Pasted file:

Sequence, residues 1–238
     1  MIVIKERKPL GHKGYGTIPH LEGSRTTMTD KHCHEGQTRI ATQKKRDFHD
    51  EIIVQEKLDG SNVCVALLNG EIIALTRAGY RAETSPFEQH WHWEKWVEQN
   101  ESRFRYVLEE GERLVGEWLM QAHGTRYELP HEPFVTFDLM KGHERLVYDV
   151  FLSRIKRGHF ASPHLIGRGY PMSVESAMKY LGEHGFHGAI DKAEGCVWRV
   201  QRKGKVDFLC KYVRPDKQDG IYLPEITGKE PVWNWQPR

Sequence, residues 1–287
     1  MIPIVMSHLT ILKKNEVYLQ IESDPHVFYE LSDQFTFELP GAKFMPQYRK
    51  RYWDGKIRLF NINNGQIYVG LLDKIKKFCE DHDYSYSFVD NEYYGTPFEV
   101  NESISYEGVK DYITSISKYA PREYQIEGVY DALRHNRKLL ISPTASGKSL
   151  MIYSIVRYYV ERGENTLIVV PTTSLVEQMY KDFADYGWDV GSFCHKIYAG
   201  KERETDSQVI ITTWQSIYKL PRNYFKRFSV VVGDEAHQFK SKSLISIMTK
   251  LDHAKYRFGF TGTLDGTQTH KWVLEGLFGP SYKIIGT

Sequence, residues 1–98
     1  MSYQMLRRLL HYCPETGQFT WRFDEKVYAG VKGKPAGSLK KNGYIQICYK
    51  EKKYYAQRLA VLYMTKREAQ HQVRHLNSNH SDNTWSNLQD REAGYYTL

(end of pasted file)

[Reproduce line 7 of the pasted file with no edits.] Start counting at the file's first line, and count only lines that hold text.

Sequence, residues 1–287